4. OK, so I got my Jinhao 992 work for a while and here's some answers : This following photo show the pen disassembled ; minus the converter ; the nib is in a sleeved unit that screw into the section with an O ring at the nib end, the section itself had an O ring at the part it meets the barrel too. The nib actually suppose to sit an indexed slot in that sleeve, hard to see in the photo but its molded into the the clear sleeve. I've tried, neither my Schmidt #5 nor the #6 nib fits. Nor Hero's common place 26 nib. I had not tried the slim #5 schmidt or Hero's leaf shaped 26 nib but I doubt they would fit since the normal #5 just will not sit tight there and a #6 is too wide. Until then might be its wise to stick with the stock nib. ED conversion is OK. I've done up the clear demonstrator with that and let it run for 2 weeks and so far its shown no leakage and no ink seeps into the end plug of the barrel either. After careful examination under a flashlight I come to the conclusion that either this plug is heat fused to the barrel or the barrel had this part done up in multi stage injection. This applied to the cap's finale also which sadly mean its impossible to disassemble the cap simply by screwing the finale off. I've tried all manner of tricks without breaking the cap and well it stay put .. so cleaning the cap if ink do seeps in might prove to be challenging.
  5. phillieskjk

    #5 Replacement Nibs

    I was looking to buy eleven number five loose nibs. Does anybody have a list of all the people who sell such nibs? Also, is there any way to get #5 JOWO nibs without the feed? Thanks, Phillieskjk
  6. Hello... I am considering swapping the nib of my Jinhao 159 with a Kanwrite one... either flex or broad. I know the Jinhao requires a size 6 nib, but I'm not sure if Kanwrite has the same numbering. What are your thoughts and advice?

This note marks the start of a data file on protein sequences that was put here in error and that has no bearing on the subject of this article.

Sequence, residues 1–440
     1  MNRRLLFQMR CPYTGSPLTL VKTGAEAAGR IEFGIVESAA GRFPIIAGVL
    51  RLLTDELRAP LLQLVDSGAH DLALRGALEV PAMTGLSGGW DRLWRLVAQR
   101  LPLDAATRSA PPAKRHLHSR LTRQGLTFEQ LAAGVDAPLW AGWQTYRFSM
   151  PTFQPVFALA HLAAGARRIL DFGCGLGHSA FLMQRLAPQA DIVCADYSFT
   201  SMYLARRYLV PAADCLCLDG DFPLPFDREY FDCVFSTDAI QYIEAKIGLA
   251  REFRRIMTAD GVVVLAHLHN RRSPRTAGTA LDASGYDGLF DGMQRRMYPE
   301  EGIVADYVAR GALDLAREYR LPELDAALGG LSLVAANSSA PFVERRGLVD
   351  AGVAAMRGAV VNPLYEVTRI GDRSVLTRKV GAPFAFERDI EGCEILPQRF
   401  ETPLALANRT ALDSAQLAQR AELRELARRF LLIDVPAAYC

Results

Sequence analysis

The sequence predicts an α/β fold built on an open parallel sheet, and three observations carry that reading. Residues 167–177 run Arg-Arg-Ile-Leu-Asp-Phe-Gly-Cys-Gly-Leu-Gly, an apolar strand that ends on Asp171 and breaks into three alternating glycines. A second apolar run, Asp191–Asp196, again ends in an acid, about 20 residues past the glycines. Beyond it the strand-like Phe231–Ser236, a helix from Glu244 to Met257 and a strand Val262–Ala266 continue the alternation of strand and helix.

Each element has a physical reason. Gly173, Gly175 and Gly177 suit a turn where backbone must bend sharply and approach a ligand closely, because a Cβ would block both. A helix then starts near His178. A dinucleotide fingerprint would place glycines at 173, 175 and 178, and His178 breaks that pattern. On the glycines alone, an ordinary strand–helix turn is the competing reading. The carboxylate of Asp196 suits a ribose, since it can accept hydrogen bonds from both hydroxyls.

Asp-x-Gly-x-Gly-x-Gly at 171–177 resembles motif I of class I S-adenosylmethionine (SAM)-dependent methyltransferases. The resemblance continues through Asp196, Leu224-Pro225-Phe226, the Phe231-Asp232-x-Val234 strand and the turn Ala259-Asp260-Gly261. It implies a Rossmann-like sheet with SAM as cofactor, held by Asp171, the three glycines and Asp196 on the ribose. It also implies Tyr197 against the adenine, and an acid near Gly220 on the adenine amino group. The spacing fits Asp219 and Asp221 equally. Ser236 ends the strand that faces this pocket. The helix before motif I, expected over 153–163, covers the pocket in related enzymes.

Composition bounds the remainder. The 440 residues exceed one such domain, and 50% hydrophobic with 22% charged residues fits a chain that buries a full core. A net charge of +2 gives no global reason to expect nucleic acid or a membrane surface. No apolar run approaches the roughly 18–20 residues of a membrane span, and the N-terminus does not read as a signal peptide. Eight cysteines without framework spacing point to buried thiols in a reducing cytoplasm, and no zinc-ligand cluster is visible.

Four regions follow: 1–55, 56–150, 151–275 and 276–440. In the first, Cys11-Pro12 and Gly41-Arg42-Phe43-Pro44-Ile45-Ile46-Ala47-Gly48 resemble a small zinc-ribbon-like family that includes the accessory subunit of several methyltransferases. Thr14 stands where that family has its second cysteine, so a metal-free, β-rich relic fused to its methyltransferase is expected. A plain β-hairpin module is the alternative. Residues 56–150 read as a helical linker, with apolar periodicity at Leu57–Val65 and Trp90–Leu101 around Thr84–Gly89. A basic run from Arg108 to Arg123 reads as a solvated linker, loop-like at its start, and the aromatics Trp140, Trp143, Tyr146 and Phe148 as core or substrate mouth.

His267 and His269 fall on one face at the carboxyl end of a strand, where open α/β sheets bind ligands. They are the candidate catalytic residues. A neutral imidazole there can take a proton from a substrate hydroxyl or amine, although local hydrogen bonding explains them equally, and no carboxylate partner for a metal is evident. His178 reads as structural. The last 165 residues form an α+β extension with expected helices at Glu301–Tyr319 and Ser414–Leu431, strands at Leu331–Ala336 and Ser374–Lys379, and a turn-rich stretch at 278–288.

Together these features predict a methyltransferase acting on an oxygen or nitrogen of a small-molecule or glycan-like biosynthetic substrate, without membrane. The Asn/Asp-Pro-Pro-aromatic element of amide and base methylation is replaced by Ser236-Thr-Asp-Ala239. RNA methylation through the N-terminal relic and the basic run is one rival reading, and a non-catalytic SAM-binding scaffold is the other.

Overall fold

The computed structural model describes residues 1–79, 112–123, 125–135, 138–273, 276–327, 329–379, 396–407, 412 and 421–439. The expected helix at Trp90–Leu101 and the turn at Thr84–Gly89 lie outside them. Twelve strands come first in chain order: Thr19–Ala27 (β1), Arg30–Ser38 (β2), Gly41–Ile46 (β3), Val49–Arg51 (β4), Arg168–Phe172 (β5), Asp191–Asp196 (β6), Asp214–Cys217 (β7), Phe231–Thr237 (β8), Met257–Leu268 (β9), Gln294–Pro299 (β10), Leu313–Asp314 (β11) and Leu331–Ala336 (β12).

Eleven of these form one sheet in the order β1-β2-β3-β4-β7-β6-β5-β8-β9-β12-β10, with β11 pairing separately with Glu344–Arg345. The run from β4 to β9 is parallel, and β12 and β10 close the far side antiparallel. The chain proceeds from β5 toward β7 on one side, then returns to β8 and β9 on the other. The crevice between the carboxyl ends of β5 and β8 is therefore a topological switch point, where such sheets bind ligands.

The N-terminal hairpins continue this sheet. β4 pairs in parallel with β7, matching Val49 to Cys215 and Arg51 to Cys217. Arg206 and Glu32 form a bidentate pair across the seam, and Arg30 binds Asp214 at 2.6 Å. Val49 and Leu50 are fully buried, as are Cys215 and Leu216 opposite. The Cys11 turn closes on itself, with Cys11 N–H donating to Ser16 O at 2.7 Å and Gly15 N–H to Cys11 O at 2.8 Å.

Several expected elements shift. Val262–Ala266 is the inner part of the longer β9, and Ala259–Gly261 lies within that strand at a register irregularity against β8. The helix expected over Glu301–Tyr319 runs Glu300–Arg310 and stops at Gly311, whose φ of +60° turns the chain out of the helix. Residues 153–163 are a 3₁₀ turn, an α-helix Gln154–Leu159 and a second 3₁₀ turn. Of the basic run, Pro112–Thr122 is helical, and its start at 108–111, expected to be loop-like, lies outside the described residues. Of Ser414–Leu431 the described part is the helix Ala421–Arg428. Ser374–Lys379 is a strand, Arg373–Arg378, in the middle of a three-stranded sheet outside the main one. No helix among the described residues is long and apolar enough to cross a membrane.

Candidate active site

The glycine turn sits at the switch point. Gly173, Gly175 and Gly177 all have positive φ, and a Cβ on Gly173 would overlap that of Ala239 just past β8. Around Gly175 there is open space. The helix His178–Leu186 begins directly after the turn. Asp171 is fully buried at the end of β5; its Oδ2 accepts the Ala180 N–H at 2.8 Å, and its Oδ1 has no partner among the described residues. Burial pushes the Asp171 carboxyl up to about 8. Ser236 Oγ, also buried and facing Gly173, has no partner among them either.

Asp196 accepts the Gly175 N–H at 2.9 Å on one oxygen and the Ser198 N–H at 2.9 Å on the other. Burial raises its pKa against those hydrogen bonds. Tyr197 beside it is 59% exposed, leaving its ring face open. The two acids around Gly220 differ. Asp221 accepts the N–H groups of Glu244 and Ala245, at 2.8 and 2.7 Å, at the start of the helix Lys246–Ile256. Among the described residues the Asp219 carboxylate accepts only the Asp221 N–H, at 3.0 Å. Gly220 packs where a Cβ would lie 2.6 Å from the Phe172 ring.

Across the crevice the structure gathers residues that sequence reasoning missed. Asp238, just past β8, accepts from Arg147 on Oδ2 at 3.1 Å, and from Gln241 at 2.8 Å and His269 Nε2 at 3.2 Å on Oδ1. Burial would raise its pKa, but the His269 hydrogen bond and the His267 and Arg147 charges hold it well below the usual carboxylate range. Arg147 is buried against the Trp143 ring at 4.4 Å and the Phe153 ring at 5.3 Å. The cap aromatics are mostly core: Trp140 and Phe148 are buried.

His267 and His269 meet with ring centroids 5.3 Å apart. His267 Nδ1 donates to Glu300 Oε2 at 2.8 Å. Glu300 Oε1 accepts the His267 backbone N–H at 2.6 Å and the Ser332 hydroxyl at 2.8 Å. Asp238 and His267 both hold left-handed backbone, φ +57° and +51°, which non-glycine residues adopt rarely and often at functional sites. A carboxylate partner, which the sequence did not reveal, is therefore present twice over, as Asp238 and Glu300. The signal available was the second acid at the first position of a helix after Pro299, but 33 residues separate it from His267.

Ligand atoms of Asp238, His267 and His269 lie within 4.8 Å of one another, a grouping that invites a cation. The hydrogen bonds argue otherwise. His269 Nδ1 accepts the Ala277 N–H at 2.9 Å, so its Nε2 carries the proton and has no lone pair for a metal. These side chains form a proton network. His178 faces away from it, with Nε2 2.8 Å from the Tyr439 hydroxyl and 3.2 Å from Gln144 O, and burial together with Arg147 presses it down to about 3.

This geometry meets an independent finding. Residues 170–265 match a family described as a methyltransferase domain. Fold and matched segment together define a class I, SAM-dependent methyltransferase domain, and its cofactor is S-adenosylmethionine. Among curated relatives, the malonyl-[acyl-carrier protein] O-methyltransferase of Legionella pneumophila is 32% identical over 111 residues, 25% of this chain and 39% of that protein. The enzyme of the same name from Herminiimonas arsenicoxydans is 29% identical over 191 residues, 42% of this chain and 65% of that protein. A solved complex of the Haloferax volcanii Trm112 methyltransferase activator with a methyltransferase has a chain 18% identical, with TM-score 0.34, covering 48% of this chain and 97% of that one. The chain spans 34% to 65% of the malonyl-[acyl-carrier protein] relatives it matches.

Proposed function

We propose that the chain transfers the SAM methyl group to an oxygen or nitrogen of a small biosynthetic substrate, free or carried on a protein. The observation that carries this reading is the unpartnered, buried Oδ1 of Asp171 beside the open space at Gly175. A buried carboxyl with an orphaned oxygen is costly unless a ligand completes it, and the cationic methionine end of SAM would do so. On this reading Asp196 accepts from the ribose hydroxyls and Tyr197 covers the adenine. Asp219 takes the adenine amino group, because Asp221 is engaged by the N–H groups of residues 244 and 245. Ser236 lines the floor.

7. visvamitra

    Jinhao 992 Short Review

    Well, it seems people went crazy about this little chinese fountain pen. At the moment it’s most popular fountain pen on polish fountain pen board but it also gets some attention in other places. The reason is simple – it’s cheapest decently made demonstrator on the market. You can have one with shipment for 2 $ and that’s less than cup of coffee in most european countries. The Jinhao 922 is a clear demonstrator pen with chrome accents and simple design. I came to enjoy demonstartors more than all those flashy, swirly acrylic pens out there. Seeing the ink sloshing around inside the pen is a fun and this pen can be used safely as an eyedropper. The cap and body of the pen taper toward the finial and endcap. One touch that Jinhao included on this pen that I really like is that they put a rubber / plastic (I’m not sure what meterial was used) o-ring at the top of the barrel, just below the threads that the cap screws onto. The o-ring acts as a buffer and a seal between the cap and barrel. The cap on this pen is tight and lacks springiness. The threads are well-aligned and the cap screws onto the pen easily. On the other hand it unscrews easily as well. It only takes about one full twist to secure and the threads catch properly every time, without fail. The cap doesn’t post very securely. It’s a push-to-post kind of cap, I guess if you push gard enough it’ll sit on place but my personal preference is to use pens unposted. Maybe I try to post them too lightly? Nib The nib is small, I’d guess a standard #5 in size. It has a simple design etched around the inside edge, with the Jinhao name and nib size (F) imprinted in the center. The nib writes rather smoothly, however the one I got isn’t as wet as I expected it to be after reading enthusiastic comments of other people. Apart form this I don’t really have any complaints in that department. Jinhao nibs are more reliable out of box than Kaweco nibs and that is rather sad because Jinhao fountain pen usually costs a fraction of a Bock nib price. Filling system The pen is designed for use with Jinaho converters and cartridges.On the other hand short international cartridges seem to work well with it as well. Converter is included and perfectly functional. More interesting option though is to use this pen as an eyedropper. It’s well designed to be used this way – no metal elemets, o-ring between section and the barrel, long thread. I haven’t used silicon grease and after a week of walking, running, sitting with the pen in my pocket I haven’t experienced any leaking. Of course it’s better to use silicon grease but you don’t have to obsess about it. Dimensions 135 mm capped, weight approximately 15 g. This pen is too small for me and the section feels too narrow for my needs. Summary I see why this pen is becoming popular. Cheap, decently made demostrator with rather nice design appeal to me as well. Personally I find it a little to small for my taste but apart from that I think that for the price it’s excellent fountain pen.